Obama’s final State of the Union to stream on YouTube and Amazon
Staff Reporter | On 11, Jan 2016Reading time: 3 mins
Barack Obama will go down in history as the Digital President – and he’s not about to let his online title slide, with his final State of the Union address able to stream on YouTube and Amazon.
YouTube has become something of a regular hangout for Obama, who has always broadcast his SOTU speeches live on the web. Once again, he will take to the site afterwards for an interview – not with pundits or political journalists, but with vloggers. This year,
“We’re going to have 21st century fireside chats where I’ll speak directly to the American people in a way that I think will enhance democracy and strengthen our government. “ – Senator Barack Obama, November 15, 2007
Tomorrow evening, President Obama will deliver his final State of the Union address to Congress, which will broadcast live on YouTube. Then, as he has every year after the speech, he’ll turn to YouTube and Google to take questions from Americans about the issues that matter to them.
This Friday, January 15,
education vlogger Destin Sandlin, fashionista Ingrid Nilsen and gamer Adande Thorne will be the three web celebs quizzing the Presidnet. On Friday 15th January, they will travel to the White House to host the live interview, with the whole thing on the White House’s video channel. (Question suggestions can be submitted using the #YouTubeAsksObama hashtag.)
But that’s just the beginning: for the first time, Obama will also make his speech available to stream on Amazon Instant Video. After the speech has been streamed live on the White House website and YouTube, it will be uploaded to Amazon’s video platform for on-demand viewing, alongside past addresses from the President.
“Around this time each year, our job in the Office of Digital Strategy has been to find new or expanded ways for the American people to engage with the President’s address,” writes White House Office of Digital Strategy Jason Goldman. “That means meeting people where they are — and in this day and age, that starts by recognizing that even people following on two screens don’t just flip back and forth between a TV and a smartphone. We jump from different social media platforms — and we have shifting assumptions about the type of experience we’ll have on each.”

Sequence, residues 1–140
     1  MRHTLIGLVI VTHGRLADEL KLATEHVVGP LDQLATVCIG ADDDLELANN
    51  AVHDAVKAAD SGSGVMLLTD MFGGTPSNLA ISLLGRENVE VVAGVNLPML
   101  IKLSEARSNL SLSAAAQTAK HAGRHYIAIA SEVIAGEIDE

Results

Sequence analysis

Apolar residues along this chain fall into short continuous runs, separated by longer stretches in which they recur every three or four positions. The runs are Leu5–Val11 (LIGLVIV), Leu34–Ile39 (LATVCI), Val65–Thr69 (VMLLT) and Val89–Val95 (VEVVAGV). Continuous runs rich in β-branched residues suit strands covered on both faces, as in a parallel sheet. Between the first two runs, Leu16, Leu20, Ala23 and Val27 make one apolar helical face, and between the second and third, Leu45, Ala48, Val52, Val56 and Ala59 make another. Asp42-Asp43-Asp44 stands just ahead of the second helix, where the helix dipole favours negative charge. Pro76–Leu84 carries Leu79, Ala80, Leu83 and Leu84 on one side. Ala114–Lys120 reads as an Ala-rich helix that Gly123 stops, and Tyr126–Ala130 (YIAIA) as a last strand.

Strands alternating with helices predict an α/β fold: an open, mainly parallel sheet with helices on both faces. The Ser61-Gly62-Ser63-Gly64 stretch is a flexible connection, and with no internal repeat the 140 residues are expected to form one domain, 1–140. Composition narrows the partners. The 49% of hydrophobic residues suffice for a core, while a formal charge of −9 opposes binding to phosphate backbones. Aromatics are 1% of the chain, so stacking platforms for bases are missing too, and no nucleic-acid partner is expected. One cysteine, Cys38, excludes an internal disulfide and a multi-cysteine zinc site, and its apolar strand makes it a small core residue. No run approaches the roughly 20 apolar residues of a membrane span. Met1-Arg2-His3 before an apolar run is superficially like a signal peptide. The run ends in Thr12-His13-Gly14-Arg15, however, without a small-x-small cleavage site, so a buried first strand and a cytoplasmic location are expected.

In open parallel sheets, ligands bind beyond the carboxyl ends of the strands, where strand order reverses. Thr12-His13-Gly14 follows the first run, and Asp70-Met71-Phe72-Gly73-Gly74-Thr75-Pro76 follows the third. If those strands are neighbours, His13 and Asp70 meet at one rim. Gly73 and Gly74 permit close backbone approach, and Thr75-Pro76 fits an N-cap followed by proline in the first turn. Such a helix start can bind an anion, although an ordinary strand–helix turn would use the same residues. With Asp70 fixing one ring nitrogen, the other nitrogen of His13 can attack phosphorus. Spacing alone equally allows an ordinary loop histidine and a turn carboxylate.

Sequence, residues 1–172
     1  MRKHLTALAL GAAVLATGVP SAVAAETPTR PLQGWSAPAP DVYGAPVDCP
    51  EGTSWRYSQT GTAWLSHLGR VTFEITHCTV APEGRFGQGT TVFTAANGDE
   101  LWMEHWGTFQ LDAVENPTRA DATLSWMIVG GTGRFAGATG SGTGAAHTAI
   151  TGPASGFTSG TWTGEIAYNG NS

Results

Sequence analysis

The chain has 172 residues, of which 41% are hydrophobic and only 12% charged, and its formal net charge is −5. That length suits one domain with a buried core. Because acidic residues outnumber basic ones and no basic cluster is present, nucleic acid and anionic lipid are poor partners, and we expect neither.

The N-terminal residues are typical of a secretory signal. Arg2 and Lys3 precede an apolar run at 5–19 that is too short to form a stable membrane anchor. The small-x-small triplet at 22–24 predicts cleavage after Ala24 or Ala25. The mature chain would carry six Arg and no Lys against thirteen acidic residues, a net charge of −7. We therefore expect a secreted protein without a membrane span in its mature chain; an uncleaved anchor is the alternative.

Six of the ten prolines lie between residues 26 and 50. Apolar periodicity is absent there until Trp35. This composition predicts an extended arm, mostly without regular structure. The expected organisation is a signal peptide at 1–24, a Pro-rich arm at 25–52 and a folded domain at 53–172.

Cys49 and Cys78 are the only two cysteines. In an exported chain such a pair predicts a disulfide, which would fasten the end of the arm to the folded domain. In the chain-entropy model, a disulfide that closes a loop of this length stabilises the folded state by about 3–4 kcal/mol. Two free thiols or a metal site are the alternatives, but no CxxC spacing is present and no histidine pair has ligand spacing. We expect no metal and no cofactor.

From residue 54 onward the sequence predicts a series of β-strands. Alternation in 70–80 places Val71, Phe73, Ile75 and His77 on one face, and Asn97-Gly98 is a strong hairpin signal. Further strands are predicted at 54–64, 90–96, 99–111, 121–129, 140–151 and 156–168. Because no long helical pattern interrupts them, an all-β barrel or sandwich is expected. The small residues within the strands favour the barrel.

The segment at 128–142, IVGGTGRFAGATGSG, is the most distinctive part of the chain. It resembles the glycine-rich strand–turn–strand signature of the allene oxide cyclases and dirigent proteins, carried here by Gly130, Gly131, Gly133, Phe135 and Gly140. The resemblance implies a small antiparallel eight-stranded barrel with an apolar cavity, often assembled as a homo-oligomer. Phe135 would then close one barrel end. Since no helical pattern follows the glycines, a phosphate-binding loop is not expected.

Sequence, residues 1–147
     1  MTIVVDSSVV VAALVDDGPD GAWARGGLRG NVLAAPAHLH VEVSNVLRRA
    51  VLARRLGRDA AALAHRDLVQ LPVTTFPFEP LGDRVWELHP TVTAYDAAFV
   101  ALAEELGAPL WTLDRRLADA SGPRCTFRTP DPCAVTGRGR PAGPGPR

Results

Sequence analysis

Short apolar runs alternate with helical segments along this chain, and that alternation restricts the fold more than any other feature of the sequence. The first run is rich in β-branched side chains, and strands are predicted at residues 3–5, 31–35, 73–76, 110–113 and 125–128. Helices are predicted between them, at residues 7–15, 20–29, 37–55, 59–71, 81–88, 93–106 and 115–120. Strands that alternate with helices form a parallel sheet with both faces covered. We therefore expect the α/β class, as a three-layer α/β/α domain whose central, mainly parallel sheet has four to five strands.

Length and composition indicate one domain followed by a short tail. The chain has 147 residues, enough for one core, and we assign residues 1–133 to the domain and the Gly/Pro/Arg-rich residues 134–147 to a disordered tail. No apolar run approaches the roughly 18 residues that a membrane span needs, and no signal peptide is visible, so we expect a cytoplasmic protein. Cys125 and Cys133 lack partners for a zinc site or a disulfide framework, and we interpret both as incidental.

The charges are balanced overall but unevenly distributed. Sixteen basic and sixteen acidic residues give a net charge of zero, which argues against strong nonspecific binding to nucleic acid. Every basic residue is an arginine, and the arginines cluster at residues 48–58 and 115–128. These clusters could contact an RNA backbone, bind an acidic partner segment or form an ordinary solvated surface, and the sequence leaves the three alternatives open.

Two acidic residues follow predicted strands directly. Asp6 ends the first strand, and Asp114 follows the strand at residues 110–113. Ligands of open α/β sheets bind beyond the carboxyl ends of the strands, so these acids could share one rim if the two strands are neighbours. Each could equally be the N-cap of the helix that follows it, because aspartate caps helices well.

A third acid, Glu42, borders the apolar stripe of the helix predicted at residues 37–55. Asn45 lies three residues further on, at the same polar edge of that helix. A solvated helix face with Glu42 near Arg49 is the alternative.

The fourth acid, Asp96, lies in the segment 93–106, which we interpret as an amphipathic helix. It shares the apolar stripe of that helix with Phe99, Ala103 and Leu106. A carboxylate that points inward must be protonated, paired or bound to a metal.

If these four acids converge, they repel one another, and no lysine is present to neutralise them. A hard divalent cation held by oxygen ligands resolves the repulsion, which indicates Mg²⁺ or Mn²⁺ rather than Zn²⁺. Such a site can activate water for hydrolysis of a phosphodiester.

“Whether you use a smart TV, web browser, mobile device, or tablet there’s a way for you to watch the President’s speech as it happens and on-demand.”
The technological tactics don’t stop there: marked-up versions of the President’s previous SOTU speeches are also available on the website Genius, a lyrics and annotations service that allows for line-by-line interactive commentary. This is also the first time that the White House has used the site to reach an online audience, with people such as Vice President Joe Biden and former Director of Speechwriting Jon Favreau contributing their notes.
“Throughout his time in office, President Obama has used technology to open up the doors (all 412 of them) to the White House—from posting behind-the-scenes photos of life in the West Wing to uploading a weekly address on the most pressing topics facing the nation,” writes YouTube. “We look forward to helping future presidents connect with Americans in compelling ways.”
Obama even has a Snapchat account now too, with the White House offering users behind-the-scenes snaps of preparations for the speech – although, to be in keeping with the Presidential Records Act, the White House’s Snapchats are never deleted. As a side effect, the President’s digital legacy will live on – setting a high standard for anyone after him.
Just don’t look at Donald Trump’s Twitter account.
You can stream the 2016 State of the Union address live on YouTube at 9pm EST on Tuesday 12th January – and see President Obama interviewed by YouTubers at 2:15 p.m. EST on Friday 15th January.